When you talk about digging a river, so many things come to mind. You are probably thinking of a river and the likely tools needed to dig one. While you hold on to that thought, I would want you to understand that digging your river could symbolise many things. The ability to create your environment and atmosphere irrespective of what the prevalent circumstances are is important. Going beyond and above your immediate circumstances is the goal!
Tired of the situation? change it! Too dry and parched for your liking? change it! Need water? Dig a river!
This is not the time to complain and grumble, get digging! How to dig your river challenges you to challenge the status quo in your life; to prompt you to question norms, to stretch and expand yourself.
How then do you dig your river?
Start by making a list of issues that resonate with you. Do you want to influence the world positively? And guess what? It’s possible! Through acts, some big and some small, we can all contribute to a better world.
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-There has to be a felt need for change-There should be those who model the change where the change needs to happen. -Existing practices and social connections that reinforce the status quo must be addressed and not forcibly altered.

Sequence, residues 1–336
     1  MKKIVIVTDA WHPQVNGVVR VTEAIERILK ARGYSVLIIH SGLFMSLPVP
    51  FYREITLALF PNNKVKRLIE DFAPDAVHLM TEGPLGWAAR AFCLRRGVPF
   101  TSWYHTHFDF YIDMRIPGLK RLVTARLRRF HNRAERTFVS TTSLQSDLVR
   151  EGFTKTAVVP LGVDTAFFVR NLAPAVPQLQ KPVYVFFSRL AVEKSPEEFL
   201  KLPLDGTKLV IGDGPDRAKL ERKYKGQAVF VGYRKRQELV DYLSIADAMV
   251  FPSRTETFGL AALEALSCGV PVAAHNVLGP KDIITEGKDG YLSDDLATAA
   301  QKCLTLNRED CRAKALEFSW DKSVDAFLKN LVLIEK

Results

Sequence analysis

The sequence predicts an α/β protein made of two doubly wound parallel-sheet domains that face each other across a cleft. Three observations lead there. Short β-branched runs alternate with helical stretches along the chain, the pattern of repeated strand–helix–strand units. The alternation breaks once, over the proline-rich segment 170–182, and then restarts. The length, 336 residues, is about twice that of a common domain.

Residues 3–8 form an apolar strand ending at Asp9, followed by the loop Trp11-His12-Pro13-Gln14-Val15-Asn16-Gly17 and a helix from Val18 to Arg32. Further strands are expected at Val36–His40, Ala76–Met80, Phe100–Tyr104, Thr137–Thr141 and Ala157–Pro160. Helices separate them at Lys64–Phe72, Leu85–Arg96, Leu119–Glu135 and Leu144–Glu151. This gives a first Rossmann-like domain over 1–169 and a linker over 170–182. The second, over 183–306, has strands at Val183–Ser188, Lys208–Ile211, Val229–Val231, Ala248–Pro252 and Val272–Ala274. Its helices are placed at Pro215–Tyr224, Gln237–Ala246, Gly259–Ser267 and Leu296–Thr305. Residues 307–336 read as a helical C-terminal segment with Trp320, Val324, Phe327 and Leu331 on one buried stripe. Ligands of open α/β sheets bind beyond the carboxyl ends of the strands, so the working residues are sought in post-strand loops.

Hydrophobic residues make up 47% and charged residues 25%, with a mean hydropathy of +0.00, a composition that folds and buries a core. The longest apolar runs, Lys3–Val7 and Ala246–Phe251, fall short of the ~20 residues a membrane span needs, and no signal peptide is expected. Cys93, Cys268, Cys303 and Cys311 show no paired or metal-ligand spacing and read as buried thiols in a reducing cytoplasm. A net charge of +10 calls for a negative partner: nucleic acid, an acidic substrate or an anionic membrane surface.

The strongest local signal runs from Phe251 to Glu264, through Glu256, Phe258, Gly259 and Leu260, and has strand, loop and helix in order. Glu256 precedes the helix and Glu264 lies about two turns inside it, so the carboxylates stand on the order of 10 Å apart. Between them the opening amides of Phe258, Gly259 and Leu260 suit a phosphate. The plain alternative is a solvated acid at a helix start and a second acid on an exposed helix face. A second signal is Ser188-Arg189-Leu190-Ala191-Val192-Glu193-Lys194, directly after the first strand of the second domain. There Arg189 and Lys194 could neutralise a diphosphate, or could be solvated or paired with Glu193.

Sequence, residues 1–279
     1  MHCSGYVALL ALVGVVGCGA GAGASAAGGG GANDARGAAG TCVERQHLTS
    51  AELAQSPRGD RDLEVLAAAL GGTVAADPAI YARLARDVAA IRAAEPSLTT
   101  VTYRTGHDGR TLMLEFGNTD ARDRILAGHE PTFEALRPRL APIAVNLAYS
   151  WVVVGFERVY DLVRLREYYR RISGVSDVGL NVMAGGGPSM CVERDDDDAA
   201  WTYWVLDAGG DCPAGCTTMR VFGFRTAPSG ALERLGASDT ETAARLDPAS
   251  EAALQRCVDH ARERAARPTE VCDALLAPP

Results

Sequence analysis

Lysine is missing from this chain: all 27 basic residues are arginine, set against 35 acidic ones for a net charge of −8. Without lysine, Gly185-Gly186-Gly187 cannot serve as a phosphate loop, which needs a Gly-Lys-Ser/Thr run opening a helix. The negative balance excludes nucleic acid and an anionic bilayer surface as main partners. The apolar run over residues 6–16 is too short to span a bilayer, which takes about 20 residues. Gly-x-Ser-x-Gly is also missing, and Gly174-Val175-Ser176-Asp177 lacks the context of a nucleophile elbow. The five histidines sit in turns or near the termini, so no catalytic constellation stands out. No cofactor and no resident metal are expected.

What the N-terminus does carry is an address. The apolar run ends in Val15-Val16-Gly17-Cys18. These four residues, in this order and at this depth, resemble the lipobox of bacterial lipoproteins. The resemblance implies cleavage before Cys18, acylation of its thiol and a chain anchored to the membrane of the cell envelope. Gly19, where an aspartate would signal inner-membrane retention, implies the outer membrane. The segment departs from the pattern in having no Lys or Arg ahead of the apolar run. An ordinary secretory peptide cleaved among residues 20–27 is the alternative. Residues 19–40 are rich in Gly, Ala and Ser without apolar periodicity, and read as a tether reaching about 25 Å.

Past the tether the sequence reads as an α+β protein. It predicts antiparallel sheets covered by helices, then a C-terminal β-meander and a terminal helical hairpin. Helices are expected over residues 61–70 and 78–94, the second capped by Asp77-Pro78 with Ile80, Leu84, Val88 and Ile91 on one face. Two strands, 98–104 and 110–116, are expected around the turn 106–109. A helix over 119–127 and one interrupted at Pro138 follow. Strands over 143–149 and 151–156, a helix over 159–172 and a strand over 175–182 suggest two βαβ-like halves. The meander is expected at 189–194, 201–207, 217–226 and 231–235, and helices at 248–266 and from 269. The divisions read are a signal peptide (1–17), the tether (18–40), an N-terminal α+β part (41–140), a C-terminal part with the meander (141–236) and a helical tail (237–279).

Change management is about breaking away from the status quo. When a person has a “non-negotiable’s” that involves transition and change, this message must come from the leadership and be supported on all fronts. All too often, those “leaders” really can’t communicate the message clearly and hope the necessary change will come from organic modifications.
According to Robert Quinn (Change the World), there are four strategies for changing the behavior of individuals, organizations, and the world: among them are telling (technical), coercing (political), participating with others in negotiation (interpersonal), and transforming ourselves to be the change we want to see (transformational).
Now, do you still want to dig your river or continue to drink from your cup?
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© Christy Chris